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Indian River continues with one training day before school year

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PHILADELPHIA — Responding to teacher complaints, the Indian River Board of Education on Thursday turned down Superintendent James Kettrick’s recommendation to move two teacher training days to Aug. 29 and 30.

Mr. Kettrick had wanted to utilize extra time before the school year started to ensure there was enough time to complete state-required training. New state law allows districts to use state aid to open their buildings in August for teacher training.

The school board’s decision means that training days will remain Sept. 4 and the two days following Regents testing in June, under the previously drafted calender.

About 30 members of the teachers union attended the school board meeting, concerned about what they considered a last-minute change that will interrupt family vacation plans. As the board prepared to make a decision on the calendar, Indian River Education Association President Carmine V. Inserra said there are many teachers who would not be able to attend the August training dates because they had already made plans.

“Just recently on July 18, it was finally signed that we could use some days in August for staff development,” said Mr. Inserra. “I think the hard part is that we’re put in such a tough spot because the state was dragging its feet.”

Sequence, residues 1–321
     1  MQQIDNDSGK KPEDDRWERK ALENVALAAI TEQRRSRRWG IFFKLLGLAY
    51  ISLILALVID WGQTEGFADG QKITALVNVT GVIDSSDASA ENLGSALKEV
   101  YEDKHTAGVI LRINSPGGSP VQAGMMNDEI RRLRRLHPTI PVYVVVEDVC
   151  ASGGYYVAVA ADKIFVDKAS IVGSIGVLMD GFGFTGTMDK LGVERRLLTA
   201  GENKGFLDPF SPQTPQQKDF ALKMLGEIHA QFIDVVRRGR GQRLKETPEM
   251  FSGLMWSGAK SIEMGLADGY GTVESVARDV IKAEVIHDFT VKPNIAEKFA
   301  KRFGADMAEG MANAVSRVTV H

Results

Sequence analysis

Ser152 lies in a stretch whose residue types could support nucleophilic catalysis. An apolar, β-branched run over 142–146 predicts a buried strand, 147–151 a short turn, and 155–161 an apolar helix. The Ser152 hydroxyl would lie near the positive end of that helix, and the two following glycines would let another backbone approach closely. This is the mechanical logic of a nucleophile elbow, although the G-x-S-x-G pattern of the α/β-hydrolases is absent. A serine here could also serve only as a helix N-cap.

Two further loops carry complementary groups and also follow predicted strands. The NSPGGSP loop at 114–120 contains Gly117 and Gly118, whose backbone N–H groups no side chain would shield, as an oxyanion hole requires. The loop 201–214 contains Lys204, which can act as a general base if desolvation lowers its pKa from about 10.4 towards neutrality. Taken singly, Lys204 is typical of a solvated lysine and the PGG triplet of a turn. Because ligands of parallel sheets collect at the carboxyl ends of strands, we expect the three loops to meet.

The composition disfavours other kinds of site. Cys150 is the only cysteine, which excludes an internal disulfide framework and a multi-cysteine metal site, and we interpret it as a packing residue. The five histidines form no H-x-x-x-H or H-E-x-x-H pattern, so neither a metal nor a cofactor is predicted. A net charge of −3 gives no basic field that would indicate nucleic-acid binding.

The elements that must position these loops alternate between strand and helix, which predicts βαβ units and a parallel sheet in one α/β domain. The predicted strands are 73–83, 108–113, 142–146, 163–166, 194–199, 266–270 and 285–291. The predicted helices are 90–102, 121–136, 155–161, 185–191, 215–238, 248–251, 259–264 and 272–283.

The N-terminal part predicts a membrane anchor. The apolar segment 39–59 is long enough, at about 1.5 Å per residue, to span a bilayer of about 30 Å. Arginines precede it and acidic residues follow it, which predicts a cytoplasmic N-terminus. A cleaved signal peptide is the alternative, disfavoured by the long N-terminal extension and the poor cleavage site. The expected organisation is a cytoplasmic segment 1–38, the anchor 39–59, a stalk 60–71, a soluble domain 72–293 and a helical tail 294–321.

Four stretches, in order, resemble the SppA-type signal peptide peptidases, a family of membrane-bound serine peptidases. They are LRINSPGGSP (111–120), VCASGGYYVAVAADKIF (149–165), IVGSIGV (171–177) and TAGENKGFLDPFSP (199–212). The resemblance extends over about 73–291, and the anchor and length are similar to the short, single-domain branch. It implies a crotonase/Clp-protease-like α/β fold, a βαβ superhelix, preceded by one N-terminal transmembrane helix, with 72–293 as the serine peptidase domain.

He mentioned that the IREA usually works well with the administration and agreed two training days before the school year would be highly beneficial.

Because of the late scheduling, Mr. Kettrick was proposing that rather than be docked pay for missing a training day, a faculty member could use one of three personal days. However, board member Donald Brumfield, a teacher at Watertown High School, objected to the suggestion because over the course of the year, teachers may be short of days if they have an emergency at home.

“You’re almost forcing teachers to lie to you and tell you they are sick,” he said.

Many of the board members suggested there be a makeup day for training, but Mr. Kettrick pointed out a decision on the calender had to be made during the meeting.

When it came time to vote, board member Elnora M. Durgin made a motion to go with Mr. Kettrick’s recommendation. There was no second.

“The problem was that we’re concerned about the staff being notified on such a short notice,” said board President Frank J. Laverghetta. “The timing was just too short.”

Training required for the upcoming school year is needed for the Dignity for All Students Act, student learning objectives and the Common Core.

About 80 percent of teachers need training for student learning objectives. In addition, building administrators usually like to meet with staff to do additional training, according to Assistant Superintendent Mary Anne Dobmeier.

“There is no question in my mind that we won’t accomplish all that training in one day,” she said.

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